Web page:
December 12, 2021
Today, in Mercy, we celebrate Gaudete Sunday, Advent’s joyful midway pause.
Advent was originally, like Lent, a time of fasting. Midway in the fast, the Church took a break from its rigors and rejoiced prematurely for the coming Christmas.
I remember going, as a grade schooler, with my mother to buy two candy bars on the Saturday before Gaudete (because most stores were closed on Sunday back then!) After Sunday Mass, we would hold a sort of “sweetness ceremony”, delighting in our choices. Mom’s was always a Milky Way. My choice ran with the fads, sticking for a few years on Rollos – remember them?
The Church has its own “sweet ceremony” on Gaudate Sunday. Pink vestments worn for the liturgy indicate joy, as do the uplifting readings.
In our first reading, Zephania tells us that “the Lord will rejoice over us with gladness!”
Shout for joy, O daughter Zion!Zephania 3:14
Sing joyfully, O Israel!
Be glad and exult with all your heart,
O daughter Jerusalem!
In a reassuring blessing, Paul tells us, “Don’t worry. Be happy!”
Rejoice in the Lord always.Philippians 4: 4-7
I shall say it again: rejoice!
Your kindness should be known to all.
The Lord is near.
Have no anxiety at all, but in everything,
by prayer and petition, with thanksgiving,
make your requests known to God.
Then the peace of God that surpasses all understanding
will guard your hearts and minds in Christ Jesus.
Even serious John the Baptist seems to tingle with expectation of the coming Savior. He’s just a little more taciturn in his proclamations.
John answered them all, saying,Luke 3: 16-17
“I am baptizing you with water,
but one mightier than I is coming.
I am not worthy to loosen the thongs of his sandals.
He will baptize you with the Holy Spirit and fire.
In our terribly commercialized holiday world, let’s stop and remember the true cause of our hope and celebration.
What gives your heart real joy as we approach the holy celebration of Christmas?
What is the sacred delight you long for in your heart and soul?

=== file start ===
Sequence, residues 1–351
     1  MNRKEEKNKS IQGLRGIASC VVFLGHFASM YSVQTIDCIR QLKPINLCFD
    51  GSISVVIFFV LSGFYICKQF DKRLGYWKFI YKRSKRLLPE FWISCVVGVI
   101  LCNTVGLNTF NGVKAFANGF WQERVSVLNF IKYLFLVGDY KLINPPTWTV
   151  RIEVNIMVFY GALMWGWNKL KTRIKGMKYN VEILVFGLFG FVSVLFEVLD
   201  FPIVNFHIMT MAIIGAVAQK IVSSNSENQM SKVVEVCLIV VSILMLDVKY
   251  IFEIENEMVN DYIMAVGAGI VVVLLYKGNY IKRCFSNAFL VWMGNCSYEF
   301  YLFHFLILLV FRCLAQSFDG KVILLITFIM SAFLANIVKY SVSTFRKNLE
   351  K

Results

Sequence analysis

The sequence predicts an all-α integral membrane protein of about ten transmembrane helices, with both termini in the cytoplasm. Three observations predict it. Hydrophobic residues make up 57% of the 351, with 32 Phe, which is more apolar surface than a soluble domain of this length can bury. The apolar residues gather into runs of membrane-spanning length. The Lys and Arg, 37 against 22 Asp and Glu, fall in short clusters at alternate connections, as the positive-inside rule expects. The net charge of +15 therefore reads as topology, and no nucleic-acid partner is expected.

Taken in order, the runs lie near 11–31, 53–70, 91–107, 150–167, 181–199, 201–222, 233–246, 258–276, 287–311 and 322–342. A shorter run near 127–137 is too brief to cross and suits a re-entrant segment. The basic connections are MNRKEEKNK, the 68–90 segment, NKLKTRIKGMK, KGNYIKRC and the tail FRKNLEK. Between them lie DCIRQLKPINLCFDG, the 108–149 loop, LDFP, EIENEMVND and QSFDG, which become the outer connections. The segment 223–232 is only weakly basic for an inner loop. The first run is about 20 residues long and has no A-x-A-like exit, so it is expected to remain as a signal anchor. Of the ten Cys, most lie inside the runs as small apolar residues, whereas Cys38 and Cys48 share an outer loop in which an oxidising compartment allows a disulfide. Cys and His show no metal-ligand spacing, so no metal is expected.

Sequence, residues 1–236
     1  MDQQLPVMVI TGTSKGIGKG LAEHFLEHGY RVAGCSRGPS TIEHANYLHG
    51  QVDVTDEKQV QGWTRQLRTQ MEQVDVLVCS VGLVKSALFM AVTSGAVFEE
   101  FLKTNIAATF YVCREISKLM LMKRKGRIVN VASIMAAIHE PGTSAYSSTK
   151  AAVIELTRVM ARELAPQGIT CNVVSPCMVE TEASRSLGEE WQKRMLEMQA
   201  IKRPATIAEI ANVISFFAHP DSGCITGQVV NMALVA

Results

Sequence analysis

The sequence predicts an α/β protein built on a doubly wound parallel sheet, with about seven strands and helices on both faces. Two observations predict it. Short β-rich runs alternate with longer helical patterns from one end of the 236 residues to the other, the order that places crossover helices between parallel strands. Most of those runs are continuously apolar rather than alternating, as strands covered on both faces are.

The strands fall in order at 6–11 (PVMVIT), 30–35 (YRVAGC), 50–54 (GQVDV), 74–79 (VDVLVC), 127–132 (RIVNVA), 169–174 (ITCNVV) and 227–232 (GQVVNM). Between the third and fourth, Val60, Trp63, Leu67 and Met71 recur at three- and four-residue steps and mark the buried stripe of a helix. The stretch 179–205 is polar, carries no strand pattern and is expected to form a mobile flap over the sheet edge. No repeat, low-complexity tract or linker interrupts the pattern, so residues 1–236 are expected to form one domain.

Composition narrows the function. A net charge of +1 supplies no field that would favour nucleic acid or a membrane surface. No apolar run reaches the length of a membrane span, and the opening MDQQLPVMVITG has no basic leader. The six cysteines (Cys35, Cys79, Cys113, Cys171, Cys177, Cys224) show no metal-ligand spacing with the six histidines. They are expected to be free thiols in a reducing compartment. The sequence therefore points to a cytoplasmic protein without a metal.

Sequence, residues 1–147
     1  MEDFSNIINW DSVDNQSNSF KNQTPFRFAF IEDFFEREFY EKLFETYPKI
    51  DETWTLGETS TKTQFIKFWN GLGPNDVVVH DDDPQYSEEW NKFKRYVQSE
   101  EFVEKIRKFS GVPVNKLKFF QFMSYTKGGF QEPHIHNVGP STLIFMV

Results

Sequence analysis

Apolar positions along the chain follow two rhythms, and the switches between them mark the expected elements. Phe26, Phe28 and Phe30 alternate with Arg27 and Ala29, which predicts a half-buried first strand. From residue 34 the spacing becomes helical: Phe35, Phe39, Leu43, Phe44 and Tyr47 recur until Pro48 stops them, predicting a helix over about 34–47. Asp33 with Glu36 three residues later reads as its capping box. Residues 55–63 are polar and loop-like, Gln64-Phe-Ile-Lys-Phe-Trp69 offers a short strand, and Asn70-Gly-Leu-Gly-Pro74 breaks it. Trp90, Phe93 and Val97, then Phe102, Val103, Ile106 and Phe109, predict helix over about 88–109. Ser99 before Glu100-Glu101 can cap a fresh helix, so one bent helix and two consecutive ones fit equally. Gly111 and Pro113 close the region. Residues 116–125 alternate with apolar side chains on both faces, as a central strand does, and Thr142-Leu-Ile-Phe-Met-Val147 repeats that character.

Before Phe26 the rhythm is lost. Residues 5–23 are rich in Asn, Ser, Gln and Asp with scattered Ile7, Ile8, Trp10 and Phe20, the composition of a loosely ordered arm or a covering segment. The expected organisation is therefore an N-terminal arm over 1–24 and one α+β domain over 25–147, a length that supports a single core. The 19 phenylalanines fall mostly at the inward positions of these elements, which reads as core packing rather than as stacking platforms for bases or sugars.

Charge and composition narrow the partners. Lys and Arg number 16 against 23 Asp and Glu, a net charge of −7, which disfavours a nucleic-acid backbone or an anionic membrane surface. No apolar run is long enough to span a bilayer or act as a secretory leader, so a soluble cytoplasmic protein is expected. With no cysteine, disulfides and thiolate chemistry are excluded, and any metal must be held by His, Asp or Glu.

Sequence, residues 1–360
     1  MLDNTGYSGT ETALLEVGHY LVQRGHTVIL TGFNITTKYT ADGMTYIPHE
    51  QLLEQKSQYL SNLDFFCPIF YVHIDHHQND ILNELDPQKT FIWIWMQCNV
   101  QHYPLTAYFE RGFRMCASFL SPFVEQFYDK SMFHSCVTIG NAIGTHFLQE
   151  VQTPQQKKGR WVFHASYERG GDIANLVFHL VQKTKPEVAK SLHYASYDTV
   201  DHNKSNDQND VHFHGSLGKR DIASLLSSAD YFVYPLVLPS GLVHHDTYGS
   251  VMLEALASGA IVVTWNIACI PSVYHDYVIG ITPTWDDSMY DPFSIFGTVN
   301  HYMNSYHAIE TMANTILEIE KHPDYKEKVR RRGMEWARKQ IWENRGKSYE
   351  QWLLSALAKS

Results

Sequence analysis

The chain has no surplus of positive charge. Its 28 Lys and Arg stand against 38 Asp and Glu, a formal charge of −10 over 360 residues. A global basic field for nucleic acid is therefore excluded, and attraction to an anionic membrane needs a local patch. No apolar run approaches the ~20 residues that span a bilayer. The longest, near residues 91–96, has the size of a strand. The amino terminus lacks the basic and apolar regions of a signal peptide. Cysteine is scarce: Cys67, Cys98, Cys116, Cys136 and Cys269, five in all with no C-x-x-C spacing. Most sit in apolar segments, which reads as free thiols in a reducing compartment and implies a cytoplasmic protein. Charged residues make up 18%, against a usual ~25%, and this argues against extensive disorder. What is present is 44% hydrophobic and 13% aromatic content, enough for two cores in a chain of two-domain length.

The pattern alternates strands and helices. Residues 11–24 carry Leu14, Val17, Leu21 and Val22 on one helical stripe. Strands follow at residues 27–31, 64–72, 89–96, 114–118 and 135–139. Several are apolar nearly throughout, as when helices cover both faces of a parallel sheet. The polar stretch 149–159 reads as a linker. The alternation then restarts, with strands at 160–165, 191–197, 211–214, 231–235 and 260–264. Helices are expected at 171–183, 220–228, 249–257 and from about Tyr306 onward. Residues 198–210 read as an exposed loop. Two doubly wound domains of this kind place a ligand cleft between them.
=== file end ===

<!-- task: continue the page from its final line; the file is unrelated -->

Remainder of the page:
Let’s make a deeper effort this week, which will require so much bustle of us, to settle our hearts on God – remembering that God’s sweet presence with us is what this whole season is about.
Poetry: The Flower by George Herbert
How fresh, oh Lord, how sweet and clean
Are thy returns! even as the flowers in spring;
To which, besides their own demean,
The late-past frosts tributes of pleasure bring.
Grief melts away
Like snow in May,
As if there were no such cold thing.
Who would have thought my shriveled heart
Could have recovered greenness? It was gone
Quite underground; as flowers depart
To see their mother-root, when they have blown,
Where they together
All the hard weather,
Dead to the world, keep house unknown.
These are thy wonders, Lord of power,
Killing and quickening, bringing down to hell
And up to heaven in an hour;
Making a chiming of a passing-bell.
We say amiss
This or that is:
Thy word is all, if we could spell.
Oh that I once past changing were,
Fast in thy Paradise, where no flower can wither!
Many a spring I shoot up fair,
Offering at heaven, growing and groaning thither;
Nor doth my flower
Want a spring shower,
My sins and I joining together.
But while I grow in a straight line,
Still upwards bent, as if heaven were mine own,
Thy anger comes, and I decline:
What frost to that? what pole is not the zone
Where all things burn,
When thou dost turn,
And the least frown of thine is shown?
And now in age I bud again,
After so many deaths I live and write;
I once more smell the dew and rain,
And relish versing. Oh, my only light,
It cannot be
That I am he
On whom thy tempests fell all night.
These are thy wonders, Lord of love,
To make us see we are but flowers that glide;
Which when we once can find and prove,
Thou hast a garden for us where to bide;
Who would be more,
Swelling through store,
Forfeit their Paradise by their pride.
Music: Gaudete in Domino sung by the Schola of St. Meinrad Abbey (Latin and English lyrics below)
Gaudete in Domino semper
iterum dico gaudete.
Modestia vestra nota sit omnibus hominibus.
Dominus prope est.
Nihil solliciti sitis
sed in omni oratione et obsecratione
cum gratiarum actione petitiones vestrae innotescant apud Deum.
Et pax Dei quae exsuperat omnem sensum custodiat corda vestra et intellegentias vestras in Christo Iesu [Domino nostro].
Rejoice in the Lord always:
and again I say, rejoice.
Let your moderation be known unto all men.
The Lord is at hand.
Be careful for nothing;
but in every thing by prayer and supplication with thanksgiving let your requests be made known unto God.
And the peace of God, which passeth all understanding, shall keep your hearts and minds through Christ Jesus [our Lord].
2 thoughts on “A Joyful Hint”
Philippians 4: 4-7 is one of my very favorite Scriptures – there is always something to be grateful for and rejoice in, thank God!
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